On Wednesday June 29th, GeoDirectory in association with the Central Statistics Office, hosted a Webinar on the preliminary Census findings for 2022.
With the Census having to be delayed by a year due to the Covid Pandemic, followed by all the chaos and the consequences of the war in Ukraine, not to mention climate change etc., many are understandably very keen to see what information Census 2022 reveals.
The insightful results
were presented by given by Diarmuid Reidy, Senior Statistician for the Central Statistics Office
. At the very start he praised GeoDirectory and spoke about the key role our data plays in enabling the CSO to carry out the Census to the very best of its ability.
A total of 5,600 staff over a 10 week period did trojan work in ensuring the Census forms could be delivered and collected over a 10 week period. The preliminary results included the following:
- There is just over 5.1 million people in Ireland, 49% of which are male, with 51% female, an almost 8% increase on 2016 figures
- The population is the highest it has been since 1841 and the first time the population has been over 5 million since 1851
- All counties experienced increases in population but the highest growth areas were Longford (+14%), Meath (+13%), Fingal (+11%) and Kildare (+11%)
- Lowest population growth was seen in Donegal (+5%), Kilkenny (+5%), Kerry (+5%) and Tipperary (+5%)
- 38 of the 39 Dáil constituencies had more than €30,000 people per TD
- The Dáil constituency that has seen the highest growth is Meath East (+13%)
- Donegal and Limerick county experienced the lowest growth levels (4%)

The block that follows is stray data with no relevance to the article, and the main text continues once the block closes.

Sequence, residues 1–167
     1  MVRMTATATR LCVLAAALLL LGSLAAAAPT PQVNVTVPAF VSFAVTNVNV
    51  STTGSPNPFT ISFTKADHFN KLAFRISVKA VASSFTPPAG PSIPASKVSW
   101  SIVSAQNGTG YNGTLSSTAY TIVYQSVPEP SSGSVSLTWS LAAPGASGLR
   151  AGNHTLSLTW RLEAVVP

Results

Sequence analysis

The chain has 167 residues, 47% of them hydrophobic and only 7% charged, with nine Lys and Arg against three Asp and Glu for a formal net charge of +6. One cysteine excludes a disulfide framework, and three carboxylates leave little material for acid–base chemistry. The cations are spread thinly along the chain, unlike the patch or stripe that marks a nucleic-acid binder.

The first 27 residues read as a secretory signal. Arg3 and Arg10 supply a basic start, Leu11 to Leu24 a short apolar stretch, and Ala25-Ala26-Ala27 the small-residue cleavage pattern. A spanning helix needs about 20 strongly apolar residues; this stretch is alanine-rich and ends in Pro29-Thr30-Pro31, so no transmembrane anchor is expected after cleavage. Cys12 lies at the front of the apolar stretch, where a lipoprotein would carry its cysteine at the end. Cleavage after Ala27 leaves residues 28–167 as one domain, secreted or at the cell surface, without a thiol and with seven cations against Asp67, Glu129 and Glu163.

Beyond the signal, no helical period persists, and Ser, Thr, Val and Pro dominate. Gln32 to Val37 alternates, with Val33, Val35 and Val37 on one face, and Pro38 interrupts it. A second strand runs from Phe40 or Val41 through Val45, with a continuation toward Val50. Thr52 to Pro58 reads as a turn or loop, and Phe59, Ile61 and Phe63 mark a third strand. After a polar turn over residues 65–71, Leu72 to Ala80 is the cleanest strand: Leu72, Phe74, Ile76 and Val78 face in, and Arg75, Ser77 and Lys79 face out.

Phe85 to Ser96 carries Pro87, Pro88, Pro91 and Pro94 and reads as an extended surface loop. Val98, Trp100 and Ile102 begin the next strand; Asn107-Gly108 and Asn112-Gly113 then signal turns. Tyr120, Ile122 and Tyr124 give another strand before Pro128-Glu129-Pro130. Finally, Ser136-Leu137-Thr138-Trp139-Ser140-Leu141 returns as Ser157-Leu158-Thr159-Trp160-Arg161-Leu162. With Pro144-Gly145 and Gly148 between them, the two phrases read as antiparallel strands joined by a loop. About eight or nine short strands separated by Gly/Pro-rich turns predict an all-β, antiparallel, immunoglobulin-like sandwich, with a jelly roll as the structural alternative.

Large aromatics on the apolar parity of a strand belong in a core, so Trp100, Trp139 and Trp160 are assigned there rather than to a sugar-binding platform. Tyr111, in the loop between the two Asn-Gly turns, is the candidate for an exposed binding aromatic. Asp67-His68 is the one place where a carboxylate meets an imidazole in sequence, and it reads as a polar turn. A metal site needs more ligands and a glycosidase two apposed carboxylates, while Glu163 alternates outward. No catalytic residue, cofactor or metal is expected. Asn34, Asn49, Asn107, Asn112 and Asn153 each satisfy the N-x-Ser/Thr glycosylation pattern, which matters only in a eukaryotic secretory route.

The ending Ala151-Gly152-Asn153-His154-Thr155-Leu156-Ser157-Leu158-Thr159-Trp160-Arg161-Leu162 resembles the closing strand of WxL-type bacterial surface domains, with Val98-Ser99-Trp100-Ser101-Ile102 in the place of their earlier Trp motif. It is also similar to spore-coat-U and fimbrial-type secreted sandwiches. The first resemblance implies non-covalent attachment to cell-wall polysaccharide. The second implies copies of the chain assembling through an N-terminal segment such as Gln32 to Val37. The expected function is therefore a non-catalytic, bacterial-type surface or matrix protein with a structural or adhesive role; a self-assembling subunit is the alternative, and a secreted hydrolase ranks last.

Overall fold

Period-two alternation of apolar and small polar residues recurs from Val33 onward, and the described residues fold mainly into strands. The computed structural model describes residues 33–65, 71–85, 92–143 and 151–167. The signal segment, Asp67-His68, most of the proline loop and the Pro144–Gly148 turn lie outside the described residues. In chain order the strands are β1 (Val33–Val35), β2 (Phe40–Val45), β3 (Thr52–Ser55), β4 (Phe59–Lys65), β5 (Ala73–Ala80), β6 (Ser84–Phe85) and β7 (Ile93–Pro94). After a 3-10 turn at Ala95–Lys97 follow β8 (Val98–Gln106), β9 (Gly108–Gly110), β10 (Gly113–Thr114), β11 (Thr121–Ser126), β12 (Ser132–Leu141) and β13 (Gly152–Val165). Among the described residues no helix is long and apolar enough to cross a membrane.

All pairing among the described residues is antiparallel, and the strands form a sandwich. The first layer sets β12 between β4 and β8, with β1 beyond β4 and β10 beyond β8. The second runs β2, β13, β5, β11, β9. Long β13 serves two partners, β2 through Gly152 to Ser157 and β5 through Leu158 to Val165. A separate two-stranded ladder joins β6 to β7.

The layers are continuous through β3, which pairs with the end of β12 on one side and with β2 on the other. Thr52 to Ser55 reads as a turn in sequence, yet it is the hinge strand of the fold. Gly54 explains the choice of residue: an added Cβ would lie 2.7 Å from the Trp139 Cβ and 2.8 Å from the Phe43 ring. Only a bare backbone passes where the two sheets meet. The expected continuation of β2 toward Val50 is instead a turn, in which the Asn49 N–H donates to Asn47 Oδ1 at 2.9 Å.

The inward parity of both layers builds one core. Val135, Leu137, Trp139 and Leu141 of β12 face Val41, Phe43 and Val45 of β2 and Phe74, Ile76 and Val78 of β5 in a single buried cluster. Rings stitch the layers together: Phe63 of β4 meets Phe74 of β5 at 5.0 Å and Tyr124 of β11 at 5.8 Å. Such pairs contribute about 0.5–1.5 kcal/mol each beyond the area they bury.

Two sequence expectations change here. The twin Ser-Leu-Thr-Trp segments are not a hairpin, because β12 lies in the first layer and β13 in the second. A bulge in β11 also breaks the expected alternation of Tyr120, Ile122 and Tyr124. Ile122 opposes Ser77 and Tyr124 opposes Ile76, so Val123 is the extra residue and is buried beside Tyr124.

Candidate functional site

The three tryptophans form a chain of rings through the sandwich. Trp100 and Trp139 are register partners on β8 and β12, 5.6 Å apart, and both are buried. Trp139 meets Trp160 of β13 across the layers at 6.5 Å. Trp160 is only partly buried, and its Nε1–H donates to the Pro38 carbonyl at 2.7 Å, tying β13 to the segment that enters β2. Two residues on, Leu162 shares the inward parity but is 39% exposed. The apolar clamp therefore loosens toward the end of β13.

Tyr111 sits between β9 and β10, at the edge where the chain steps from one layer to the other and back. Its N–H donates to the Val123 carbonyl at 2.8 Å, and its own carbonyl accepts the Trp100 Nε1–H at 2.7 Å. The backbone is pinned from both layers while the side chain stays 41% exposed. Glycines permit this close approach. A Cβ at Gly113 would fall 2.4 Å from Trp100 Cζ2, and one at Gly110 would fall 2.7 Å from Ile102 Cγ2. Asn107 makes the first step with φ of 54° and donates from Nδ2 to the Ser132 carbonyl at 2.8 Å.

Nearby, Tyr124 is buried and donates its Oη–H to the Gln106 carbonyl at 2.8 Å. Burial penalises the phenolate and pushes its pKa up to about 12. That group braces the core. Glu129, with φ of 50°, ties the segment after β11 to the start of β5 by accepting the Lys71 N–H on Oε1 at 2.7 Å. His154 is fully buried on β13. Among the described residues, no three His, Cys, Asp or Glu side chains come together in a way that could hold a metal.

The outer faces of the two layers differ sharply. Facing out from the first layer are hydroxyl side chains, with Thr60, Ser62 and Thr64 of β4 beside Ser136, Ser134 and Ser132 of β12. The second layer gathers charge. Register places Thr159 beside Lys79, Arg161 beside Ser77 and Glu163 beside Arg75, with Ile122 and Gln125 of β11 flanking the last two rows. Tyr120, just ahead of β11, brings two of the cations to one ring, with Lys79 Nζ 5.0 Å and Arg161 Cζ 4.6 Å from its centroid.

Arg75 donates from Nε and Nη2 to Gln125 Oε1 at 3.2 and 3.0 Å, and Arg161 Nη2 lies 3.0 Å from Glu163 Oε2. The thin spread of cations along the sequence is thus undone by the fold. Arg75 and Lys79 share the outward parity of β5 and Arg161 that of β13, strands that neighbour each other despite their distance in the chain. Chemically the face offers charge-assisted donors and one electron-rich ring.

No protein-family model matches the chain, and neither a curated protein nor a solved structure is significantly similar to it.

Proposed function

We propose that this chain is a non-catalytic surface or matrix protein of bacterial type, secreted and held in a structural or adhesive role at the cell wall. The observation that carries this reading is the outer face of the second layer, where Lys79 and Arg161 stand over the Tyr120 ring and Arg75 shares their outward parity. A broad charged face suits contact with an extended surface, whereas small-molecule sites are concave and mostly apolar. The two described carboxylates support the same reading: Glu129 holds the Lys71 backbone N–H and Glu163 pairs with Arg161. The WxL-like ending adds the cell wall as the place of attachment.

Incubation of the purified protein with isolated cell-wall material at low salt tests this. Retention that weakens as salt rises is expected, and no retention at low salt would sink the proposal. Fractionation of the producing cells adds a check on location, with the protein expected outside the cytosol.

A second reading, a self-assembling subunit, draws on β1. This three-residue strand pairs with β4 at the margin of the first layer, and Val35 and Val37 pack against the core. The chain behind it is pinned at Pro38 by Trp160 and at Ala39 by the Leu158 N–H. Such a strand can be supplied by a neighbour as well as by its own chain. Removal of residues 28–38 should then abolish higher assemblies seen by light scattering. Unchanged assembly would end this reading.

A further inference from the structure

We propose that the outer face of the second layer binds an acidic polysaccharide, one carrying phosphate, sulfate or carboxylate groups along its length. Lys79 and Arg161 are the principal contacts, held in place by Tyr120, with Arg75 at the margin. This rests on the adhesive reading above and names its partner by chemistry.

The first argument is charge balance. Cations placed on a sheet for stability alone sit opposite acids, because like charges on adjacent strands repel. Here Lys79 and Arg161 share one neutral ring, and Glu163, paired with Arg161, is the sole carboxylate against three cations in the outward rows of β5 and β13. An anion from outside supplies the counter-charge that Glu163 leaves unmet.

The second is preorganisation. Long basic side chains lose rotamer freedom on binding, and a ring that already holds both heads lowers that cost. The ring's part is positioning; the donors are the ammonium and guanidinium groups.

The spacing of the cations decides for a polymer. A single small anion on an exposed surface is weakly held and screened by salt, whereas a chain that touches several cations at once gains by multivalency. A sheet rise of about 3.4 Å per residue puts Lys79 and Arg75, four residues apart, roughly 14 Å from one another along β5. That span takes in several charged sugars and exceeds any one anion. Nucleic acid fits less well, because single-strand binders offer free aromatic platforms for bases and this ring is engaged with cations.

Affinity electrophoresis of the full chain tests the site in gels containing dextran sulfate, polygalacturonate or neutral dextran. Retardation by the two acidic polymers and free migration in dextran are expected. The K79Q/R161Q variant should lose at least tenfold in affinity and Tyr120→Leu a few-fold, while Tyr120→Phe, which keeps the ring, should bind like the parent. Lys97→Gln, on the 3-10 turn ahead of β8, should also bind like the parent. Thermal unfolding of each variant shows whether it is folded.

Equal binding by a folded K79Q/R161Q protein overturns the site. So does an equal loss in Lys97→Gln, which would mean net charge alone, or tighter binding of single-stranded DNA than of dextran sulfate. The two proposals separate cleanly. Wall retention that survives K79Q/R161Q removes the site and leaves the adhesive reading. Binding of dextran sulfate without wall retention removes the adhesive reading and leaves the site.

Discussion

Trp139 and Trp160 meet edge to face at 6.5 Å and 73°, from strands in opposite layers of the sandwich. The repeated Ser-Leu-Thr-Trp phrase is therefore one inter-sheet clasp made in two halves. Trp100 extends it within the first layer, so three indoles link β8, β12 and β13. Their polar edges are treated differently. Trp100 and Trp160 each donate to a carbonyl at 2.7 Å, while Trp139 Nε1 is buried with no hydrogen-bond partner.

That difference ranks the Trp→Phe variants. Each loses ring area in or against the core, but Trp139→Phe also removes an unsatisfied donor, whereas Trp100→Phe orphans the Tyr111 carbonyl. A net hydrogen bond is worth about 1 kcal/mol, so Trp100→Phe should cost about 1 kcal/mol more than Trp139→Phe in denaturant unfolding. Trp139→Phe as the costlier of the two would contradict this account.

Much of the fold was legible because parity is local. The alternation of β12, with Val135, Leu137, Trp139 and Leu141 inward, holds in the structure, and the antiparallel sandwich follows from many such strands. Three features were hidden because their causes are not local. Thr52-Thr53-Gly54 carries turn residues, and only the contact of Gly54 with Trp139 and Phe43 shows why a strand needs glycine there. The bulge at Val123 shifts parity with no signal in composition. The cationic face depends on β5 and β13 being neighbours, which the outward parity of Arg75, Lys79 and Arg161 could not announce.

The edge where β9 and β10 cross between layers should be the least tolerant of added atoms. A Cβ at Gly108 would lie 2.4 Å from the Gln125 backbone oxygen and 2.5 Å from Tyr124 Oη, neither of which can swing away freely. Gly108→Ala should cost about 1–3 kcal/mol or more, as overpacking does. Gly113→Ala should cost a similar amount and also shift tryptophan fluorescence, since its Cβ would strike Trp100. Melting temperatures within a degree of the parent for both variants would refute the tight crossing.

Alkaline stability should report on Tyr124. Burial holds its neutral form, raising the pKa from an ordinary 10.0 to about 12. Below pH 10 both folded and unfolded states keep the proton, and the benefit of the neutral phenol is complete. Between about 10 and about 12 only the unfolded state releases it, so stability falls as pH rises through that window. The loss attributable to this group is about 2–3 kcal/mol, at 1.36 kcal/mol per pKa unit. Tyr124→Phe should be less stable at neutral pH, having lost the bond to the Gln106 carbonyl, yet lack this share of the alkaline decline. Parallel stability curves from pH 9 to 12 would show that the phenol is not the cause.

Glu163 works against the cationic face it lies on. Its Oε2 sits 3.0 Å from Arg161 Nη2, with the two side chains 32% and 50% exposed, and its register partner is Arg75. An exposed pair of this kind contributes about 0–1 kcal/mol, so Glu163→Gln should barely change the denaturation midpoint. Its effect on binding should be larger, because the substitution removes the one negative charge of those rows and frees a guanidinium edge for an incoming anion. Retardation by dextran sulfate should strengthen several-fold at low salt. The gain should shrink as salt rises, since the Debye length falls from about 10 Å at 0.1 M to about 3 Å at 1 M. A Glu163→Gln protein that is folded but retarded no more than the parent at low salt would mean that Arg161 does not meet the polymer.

Reasons for the increase include:
- Natural increase (births minus deaths) of 171,388
- Net Migration (immigration less emigration) stood at 190,333
- Dublin experienced the highest number of inward migration (+46,559)
- Monaghan experienced the lowest number of migrations (+1,353)
When it came to housing stock to manage the above mentioned population growth, there has been a 6% (120,945) increase in stock to over 2.1 million between 2016 and 2022. In addition, occupied dwellings increased by 9% compared to 2016 figures. Kildare was the county that witnessed the biggest increase in house building, while nationally the number of vacant dwellings has dropped by nearly 10%.
Also covered in the presentation was vacancy rates and reasons for vacancy. This was followed by an interested Q&A session. Questions were asked around various issues such as how we measure migration flows, what role did Covid play in the overall data that has been collated and what metric does the CSO use to collate the number vacant properties in the State.
If you missed it but are interested in hearing the full presentation on the Census 2022 preliminary results
simply click here